Part One of Bulgakov's novel was difficult to enjoy, bearing too many too lengthy supposedly funny but actually boring burlesque satiric fantasy sequences, like the nightmare of the chairman of the tenant's association in which he appears on stage before an audience of bearded economists and is commanded by an actor to turn over all his hidden foreign currency. I found that I didn't care for or about most of the Moscow characters and was asking myself, "This is supposed to be one of the greatest novels in the twentieth century?" In fact, if it weren't for two chapters featuring Pilate and Yeshua and one introducing the Master, I might have lost the will to soldier on.
Fortunately, Part Two incorporates more of the Master's novel and begins with Margarita, and because I cared about her and the Master, I began enjoying the surreal fantasy sequences, which became so imaginative, scary, humorous, and moving that I ended up liking Satan and his buffoonish entourage and the novel as a whole. For example, Margarita's application of infernal ointment over her entire body and subsequent witchly joy ("invisible and free!") and flight and ball hostessing are all magically and darkly alive, the marksman contest between Behemoth and Azazello is great fun, Pilate's walk with his dog and Yeshua along a lunar staircase is beautiful, and the ride of the infernal band on black horses into moonlit storm clouds is sublime.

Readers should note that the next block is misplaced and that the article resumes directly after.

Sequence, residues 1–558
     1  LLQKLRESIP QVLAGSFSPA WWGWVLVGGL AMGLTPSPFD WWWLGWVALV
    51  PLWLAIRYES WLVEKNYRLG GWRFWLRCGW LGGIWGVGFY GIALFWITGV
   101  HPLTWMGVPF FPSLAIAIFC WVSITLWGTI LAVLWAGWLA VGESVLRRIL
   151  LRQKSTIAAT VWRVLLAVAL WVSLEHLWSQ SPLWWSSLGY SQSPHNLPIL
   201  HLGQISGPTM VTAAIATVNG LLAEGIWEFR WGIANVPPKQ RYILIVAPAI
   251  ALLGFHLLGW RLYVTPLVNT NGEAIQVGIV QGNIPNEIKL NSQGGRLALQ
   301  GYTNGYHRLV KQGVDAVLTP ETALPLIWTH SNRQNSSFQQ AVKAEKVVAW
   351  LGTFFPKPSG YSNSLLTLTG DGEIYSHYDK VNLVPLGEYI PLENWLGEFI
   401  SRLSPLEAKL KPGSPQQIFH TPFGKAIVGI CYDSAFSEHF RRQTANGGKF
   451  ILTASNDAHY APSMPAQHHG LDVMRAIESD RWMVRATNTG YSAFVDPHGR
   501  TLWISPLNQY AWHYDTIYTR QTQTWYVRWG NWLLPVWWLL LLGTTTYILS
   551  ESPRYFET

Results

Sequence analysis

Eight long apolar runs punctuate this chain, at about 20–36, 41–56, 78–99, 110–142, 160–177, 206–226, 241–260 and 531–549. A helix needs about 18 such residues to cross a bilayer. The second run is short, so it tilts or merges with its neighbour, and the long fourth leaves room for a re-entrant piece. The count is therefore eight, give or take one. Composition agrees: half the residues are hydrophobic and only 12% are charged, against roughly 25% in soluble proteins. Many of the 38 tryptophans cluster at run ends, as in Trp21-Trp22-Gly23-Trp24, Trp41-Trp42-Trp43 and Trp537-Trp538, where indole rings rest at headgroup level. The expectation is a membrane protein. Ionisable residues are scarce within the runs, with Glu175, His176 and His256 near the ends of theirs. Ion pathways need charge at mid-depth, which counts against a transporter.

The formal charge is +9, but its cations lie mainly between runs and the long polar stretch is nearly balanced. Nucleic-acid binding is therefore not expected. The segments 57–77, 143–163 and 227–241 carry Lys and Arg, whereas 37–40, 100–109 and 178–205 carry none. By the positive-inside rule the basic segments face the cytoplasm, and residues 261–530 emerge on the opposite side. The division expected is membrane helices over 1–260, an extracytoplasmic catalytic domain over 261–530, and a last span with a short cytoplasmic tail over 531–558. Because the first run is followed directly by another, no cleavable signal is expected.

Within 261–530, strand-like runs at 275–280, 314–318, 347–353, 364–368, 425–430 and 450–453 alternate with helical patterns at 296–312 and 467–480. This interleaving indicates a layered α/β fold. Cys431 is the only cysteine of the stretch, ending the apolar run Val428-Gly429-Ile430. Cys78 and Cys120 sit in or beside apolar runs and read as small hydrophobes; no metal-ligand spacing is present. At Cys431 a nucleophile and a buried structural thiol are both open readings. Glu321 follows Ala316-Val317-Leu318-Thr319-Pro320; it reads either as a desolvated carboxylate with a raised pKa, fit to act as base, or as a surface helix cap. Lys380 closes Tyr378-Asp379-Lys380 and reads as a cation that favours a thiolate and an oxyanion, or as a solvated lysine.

The reader Julian Rhind-Tutt gives a virtuoso performance fluidly switching between a variety of voices for the many different characters in their different moods and modes, among them Behemoth nasally sarcastic and mocking, the devil scary, urbane, and humane, and Yeshua calmly kind and reasonably insane (or unreasonably sane). Although during the first part of the novel's interminable surreal satiric sequences, Rhind-Tutt's frenetic and high-pitched voice got on my nerves, his Pilate, Aphrenius (Pilate's hooded chief of secret police), Yeshua, Devil, and Margarita are all full of wonderful gravitas, and I did enjoy his satanic minions' voices in Part Two of the book, and overall he brought the novel even more to life than only reading it would have done.